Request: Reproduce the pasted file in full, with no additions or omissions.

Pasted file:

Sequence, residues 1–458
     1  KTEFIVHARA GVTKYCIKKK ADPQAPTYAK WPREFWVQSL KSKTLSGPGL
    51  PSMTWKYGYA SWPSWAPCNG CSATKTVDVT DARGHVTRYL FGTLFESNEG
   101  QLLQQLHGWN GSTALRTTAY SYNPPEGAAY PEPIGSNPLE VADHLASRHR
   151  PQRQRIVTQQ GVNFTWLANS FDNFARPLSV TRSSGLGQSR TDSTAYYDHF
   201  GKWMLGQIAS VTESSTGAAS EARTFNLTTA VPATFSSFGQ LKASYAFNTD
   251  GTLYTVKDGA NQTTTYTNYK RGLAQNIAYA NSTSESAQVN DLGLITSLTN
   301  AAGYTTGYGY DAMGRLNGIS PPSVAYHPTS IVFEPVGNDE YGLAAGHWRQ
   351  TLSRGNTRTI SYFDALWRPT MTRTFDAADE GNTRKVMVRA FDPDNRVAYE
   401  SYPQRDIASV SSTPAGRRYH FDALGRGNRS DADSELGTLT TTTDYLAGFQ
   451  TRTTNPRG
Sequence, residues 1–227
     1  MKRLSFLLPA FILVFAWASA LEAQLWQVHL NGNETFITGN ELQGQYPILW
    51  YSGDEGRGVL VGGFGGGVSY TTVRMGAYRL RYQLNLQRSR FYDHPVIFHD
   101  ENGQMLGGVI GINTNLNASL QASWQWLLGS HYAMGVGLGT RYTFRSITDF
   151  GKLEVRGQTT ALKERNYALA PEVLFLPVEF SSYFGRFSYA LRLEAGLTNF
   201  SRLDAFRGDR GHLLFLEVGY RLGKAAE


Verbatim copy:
Sequence, residues 1–458
     1  KTEFIVHARA GVTKYCIKKK ADPQAPTYAK WPREFWVQSL KSKTLSGPGL
    51  PSMTWKYGYA SWPSWAPCNG CSATKTVDVT DARGHVTRYL FGTLFESNEG
   101  QLLQQLHGWN GSTALRTTAY SYNPPEGAAY PEPIGSNPLE VADHLASRHR
   151  PQRQRIVTQQ GVNFTWLANS FDNFARPLSV TRSSGLGQSR TDSTAYYDHF
   201  GKWMLGQIAS VTESSTGAAS EARTFNLTTA VPATFSSFGQ LKASYAFNTD
   251  GTLYTVKDGA NQTTTYTNYK RGLAQNIAYA NSTSESAQVN DLGLITSLTN
   301  AAGYTTGYGY DAMGRLNGIS PPSVAYHPTS IVFEPVGNDE YGLAAGHWRQ
   351  TLSRGNTRTI SYFDALWRPT MTRTFDAADE GNTRKVMVRA FDPDNRVAYE
   401  SYPQRDIASV SSTPAGRRYH FDALGRGNRS DADSELGTLT TTTDYLAGFQ
   451  TRTTNPRG
Sequence, residues 1–227
     1  MKRLSFLLPA FILVFAWASA LEAQLWQVHL NGNETFITGN ELQGQYPILW
    51  YSGDEGRGVL VGGFGGGVSY TTVRMGAYRL RYQLNLQRSR FYDHPVIFHD
   101  ENGQMLGGVI GINTNLNASL QASWQWLLGS HYAMGVGLGT RYTFRSITDF
   151  GKLEVRGQTT ALKERNYALA PEVLFLPVEF SSYFGRFSYA LRLEAGLTNF
   201  SRLDAFRGDR GHLLFLEVGY RLGKAAE